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State v. Bennick

Supreme Court of Montana

March 13, 2018

STATE OF MONTANA, Plaintiff and Appellee,
MERCEDES ANN-NICOLE BENNICK, Defendant and Appellant.

          Submitted on Briefs: February 14, 2018

         APPEAL FROM: District Court of the Thirteenth Judicial District, In and For the County of Yellowstone, Cause No. DC 15-975 Honorable Michael G. Moses, Presiding Judge

          For Appellant: Ashley Harada, Harada Law Firm, PLLC, Billings, Montana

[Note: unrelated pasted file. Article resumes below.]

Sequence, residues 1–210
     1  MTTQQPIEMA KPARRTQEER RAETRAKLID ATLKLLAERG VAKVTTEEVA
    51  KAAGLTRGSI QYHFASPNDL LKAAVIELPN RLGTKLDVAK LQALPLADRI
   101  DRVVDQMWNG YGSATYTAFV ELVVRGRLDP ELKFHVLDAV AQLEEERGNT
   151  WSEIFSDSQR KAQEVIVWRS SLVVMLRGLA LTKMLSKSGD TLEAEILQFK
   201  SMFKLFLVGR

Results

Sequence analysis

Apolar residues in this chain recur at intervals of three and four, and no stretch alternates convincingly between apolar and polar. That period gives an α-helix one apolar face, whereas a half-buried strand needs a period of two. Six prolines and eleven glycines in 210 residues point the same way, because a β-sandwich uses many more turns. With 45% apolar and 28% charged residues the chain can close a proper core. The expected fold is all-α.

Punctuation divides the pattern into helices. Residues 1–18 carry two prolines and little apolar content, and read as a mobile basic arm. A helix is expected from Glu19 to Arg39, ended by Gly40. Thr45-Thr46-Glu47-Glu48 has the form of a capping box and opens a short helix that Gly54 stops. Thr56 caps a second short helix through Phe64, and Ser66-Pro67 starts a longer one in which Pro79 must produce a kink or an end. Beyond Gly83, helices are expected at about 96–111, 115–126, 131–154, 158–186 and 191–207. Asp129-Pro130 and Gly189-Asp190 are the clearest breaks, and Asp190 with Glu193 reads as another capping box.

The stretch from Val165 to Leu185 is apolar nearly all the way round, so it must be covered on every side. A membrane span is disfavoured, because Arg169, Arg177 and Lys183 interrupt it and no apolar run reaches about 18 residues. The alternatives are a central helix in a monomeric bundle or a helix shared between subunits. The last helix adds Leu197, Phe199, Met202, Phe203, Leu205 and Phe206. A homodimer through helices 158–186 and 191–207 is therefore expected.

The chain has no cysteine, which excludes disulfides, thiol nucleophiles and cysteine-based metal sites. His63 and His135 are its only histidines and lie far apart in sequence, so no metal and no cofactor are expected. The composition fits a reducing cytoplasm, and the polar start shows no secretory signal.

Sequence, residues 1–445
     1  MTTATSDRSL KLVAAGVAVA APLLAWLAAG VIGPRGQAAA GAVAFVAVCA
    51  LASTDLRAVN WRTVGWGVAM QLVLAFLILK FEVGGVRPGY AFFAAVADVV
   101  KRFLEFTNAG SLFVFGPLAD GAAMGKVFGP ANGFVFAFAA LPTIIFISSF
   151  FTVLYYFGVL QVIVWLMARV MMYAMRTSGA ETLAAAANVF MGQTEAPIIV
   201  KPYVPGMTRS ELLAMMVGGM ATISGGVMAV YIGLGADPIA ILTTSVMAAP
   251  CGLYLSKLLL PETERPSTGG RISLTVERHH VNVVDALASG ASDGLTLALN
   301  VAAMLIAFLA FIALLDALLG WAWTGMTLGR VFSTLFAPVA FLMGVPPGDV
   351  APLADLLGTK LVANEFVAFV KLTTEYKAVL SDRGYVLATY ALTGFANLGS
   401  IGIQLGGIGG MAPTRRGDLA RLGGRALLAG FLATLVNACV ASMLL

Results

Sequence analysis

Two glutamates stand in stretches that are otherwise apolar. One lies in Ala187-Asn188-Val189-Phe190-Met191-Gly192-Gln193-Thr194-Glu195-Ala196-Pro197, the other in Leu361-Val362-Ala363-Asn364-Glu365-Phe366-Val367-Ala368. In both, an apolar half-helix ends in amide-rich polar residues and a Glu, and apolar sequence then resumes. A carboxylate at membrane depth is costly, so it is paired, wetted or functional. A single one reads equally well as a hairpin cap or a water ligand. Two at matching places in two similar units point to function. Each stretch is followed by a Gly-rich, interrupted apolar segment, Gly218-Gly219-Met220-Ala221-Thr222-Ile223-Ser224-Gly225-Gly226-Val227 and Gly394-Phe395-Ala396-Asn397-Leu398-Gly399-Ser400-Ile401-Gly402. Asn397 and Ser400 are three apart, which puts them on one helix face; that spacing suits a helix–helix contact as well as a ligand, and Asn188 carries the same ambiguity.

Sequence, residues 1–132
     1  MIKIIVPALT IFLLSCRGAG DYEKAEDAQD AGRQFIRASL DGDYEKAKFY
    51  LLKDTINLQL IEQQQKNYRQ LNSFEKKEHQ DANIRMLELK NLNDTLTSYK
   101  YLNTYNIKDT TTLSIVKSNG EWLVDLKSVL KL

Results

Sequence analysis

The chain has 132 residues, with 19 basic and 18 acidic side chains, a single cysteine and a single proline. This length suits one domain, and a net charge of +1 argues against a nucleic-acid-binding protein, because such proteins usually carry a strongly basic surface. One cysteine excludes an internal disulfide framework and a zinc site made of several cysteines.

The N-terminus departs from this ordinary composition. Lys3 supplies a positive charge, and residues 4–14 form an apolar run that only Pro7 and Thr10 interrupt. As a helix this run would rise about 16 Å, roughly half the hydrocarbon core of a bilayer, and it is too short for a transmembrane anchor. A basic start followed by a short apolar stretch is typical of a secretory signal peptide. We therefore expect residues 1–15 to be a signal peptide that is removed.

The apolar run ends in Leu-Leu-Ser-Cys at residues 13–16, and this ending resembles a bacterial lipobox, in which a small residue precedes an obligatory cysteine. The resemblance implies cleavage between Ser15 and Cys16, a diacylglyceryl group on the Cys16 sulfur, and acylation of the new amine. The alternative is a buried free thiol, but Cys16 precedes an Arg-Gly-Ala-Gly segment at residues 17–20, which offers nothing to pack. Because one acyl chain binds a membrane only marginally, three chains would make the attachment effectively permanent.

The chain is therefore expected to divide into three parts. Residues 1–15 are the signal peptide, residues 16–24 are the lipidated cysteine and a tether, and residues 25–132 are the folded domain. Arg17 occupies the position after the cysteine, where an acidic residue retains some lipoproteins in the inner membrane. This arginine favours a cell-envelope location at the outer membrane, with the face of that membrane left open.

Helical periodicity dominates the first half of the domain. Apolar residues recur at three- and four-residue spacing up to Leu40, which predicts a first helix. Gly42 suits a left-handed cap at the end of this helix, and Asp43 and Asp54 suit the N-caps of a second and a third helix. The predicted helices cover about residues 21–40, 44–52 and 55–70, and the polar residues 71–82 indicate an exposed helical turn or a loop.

For Appellee: Timothy C. Fox, Montana Attorney General, Mardell Ployhar, Assistant Attorney General, Helena, Montana, Scott D. Twito, Yellowstone County Attorney, Billings, Montana


          Mike McGrath, Chief Justice

         ¶1 Pursuant to Section I, Paragraph 3(c), Montana Supreme Court Internal Operating Rules, this case is decided by memorandum opinion and shall not be cited and does not serve as precedent. Its case title, cause number, and disposition shall be included in this Court's quarterly list of noncitable cases published in the Pacific Reporter and Montana Reports.

         ¶2 Mercedes Ann-Nicole Bennick (Bennick) appeals from a Thirteenth Judicial District Court's order denying Bennick's motion to suppress evidence, based on her claim that the investigating officer lacked particularized suspicion to make a traffic stop. We affirm.